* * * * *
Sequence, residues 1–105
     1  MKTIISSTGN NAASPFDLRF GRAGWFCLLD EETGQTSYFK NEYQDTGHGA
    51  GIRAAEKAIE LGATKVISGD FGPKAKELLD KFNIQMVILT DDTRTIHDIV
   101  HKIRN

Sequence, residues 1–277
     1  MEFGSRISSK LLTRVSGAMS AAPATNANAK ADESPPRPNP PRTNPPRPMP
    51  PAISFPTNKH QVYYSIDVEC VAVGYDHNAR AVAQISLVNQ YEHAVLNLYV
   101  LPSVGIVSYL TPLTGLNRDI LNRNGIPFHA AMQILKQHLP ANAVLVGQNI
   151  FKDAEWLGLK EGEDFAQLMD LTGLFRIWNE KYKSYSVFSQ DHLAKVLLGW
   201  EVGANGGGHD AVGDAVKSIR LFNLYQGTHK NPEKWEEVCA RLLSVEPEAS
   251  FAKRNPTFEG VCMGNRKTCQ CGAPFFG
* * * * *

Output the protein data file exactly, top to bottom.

Sequence, residues 1–105
     1  MKTIISSTGN NAASPFDLRF GRAGWFCLLD EETGQTSYFK NEYQDTGHGA
    51  GIRAAEKAIE LGATKVISGD FGPKAKELLD KFNIQMVILT DDTRTIHDIV
   101  HKIRN

Sequence, residues 1–277
     1  MEFGSRISSK LLTRVSGAMS AAPATNANAK ADESPPRPNP PRTNPPRPMP
    51  PAISFPTNKH QVYYSIDVEC VAVGYDHNAR AVAQISLVNQ YEHAVLNLYV
   101  LPSVGIVSYL TPLTGLNRDI LNRNGIPFHA AMQILKQHLP ANAVLVGQNI
   151  FKDAEWLGLK EGEDFAQLMD LTGLFRIWNE KYKSYSVFSQ DHLAKVLLGW
   201  EVGANGGGHD AVGDAVKSIR LFNLYQGTHK NPEKWEEVCA RLLSVEPEAS
   251  FAKRNPTFEG VCMGNRKTCQ CGAPFFG